The SEC is examining more RIAs than it has at any point in the past decade. Even so, the thinned agency is struggling to oversee the more than 13,200 firms managing $84 trillion under its purview.
Agency officials have said as much: The SEC’s latest annual performance review cites the notable rise in the share of RIAs receiving exams but also two missed goals around enforcement. This month, the agency’s inspector general took it to task over those findings.
The average time it takes the SEC to start an enforcement action after opening an investigation is two years and one month. Only 49% of the time was the agency able to file cases within two years of starting its investigation. The figures came nowhere near the SEC’s own targets.
The agency intended to file an enforcement action within two years of opening an investigation at least 65% of the time. It also took five months longer to begin enforcement proceedings, on average, than its goal for fiscal 2018. The SEC lost more than 400 positions to contract cuts and a hiring freeze, and it has only recently started adding staff again. Against this backdrop, the number of SEC-registered RIAs has soared by 13% in the past five years.
“As we reported last year, the timeliness of enforcement investigations remains a concern,” according to the Oct. 7 report by Inspector General Carl Hoecker’s office.
However, the agency’s share-class disclosure program has led to some 100 settlements since it started in February 2018. The cases against brokerage firms’ RIAs are “a perfect example” of how investigations are getting more efficient, not less, according to former SEC enforcement attorney Jacob Frenkel, who now represents firms as a member at Dickinson Wright.
In calling out the regulator’s slipping metrics amid a hiring freeze, the IG also echoed agency officials who have asked Congress for more resources. Concerns have been resounding since the Bernie Madoff case, if not earlier, says Christine Lazaro, president of PIABA and director of the securities arbitration clinic at St. John’s University.
“The SEC has to have the resources to adequately protect investors, and it just doesn’t seem like it does right now,” Lazaro says. “As the RIA side of the business expands, it’s going to stretch the SEC’s resources thinner and thinner if the SEC can’t expand as well. This has been a relatively consistent concern of the SEC’s since at least 2008.”
The Division of Enforcement sustained a 10% cut to its staff and contractors between fiscal 2016 and 2018. The SEC’s fiscal 2019 appropriation — which went up by 1.4% to $1.68 billion — has enabled it to begin filling some of the roles it had lost.
“For several years, the SEC’s annual appropriation was essentially flat, requiring a number of difficult operational choices, including cuts to contracts and a hiring freeze,” according to the IG report. The enforcement staffing displays the “challenges created by staffing levels that have fallen or have not kept pace with workload demands.”
Investigation timing may not reflect the current administration or other factors, though. Enforcement involving parallel criminal investigations, international cases and those begun in a prior investigation before Chairman Jay Clayton took over the role are “three areas that are skewing these numbers,” Frenkel says. He also points out that cases vary in complexity.
“Even when the Division of Enforcement was at its most robust staffing levels, there was always a clamoring for more investigative resources,” Frenkel says. “What we’re seeing now with the more limited resources is an effort to prioritize and bring cases that are consistent with the Chairman’s priorities and the agency’s mission.”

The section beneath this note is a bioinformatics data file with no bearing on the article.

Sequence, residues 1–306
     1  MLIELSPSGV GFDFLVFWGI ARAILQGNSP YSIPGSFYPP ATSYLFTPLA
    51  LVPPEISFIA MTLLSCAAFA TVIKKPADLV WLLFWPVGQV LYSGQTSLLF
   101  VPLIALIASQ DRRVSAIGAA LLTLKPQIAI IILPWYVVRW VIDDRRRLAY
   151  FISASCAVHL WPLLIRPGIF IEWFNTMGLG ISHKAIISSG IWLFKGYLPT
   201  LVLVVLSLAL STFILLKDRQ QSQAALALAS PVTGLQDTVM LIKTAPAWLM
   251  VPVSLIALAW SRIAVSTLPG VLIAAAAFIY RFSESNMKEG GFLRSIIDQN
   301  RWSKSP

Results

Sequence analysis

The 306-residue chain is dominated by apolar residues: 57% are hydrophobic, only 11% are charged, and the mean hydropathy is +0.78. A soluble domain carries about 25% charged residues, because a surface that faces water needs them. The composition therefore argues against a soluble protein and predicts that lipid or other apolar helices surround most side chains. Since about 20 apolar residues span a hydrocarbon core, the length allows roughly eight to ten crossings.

In the annual performance review, the SEC pledged it would be taking measures to make each phase of investigations as efficient as possible, using new data analytics technology and training staff to use tools that expedite cases.
“While timeliness in filing actions can be influenced by a number of factors, it is important because it can enhance the action’s deterrent impact,” the document states.
Meanwhile, the number of SEC-registered RIAs keeps expanding. It reached a record 12,993 RIAs managing $83.7 trillion this year, a report by the Investment Adviser Association and National Regulatory Services shows. The report used slightly different criteria for its RIA count.
Even with fewer agency resources, the Office of Compliance Inspections and Examinations is auditing more RIAs. There were 3,150 exams in fiscal 2018, which was 10% higher than the amount in the previous year, according to OCIE’s 2019 examination priorities.
OCIE has more RIAs to examine, with its count up nearly 5% year-over-year. But it’s also reaching a greater share of them: 17% of RIAs received an exam in fiscal 2018, compared to only 9% as recently as five years ago.
The IG has called the rising number of RIAs a challenge for the SEC dating back to 2014, the report states. The continued growth makes it “imperative that management effectively use risk-based processes” and new technology to meet the SEC’s responsibilities, the report states.
SEC officials asked Congress for five more OCIE positions in its fiscal 2020 budgetary request, which would provide enough money to fill in about 130 of the 400 lost positions. The agency expected to add 100 employees in the recently completed fiscal year, according to its request.
The new OCIE positions would help it “further address the disparity between the number of exam staff and the growing number, size, and complexity of registered firms,” according to the budgetary request.
Despite completing the largest number of exams in a decade, the document goes on, OCIE “continues to face a number of challenges and issues that are having a significant impact on its limited resources.”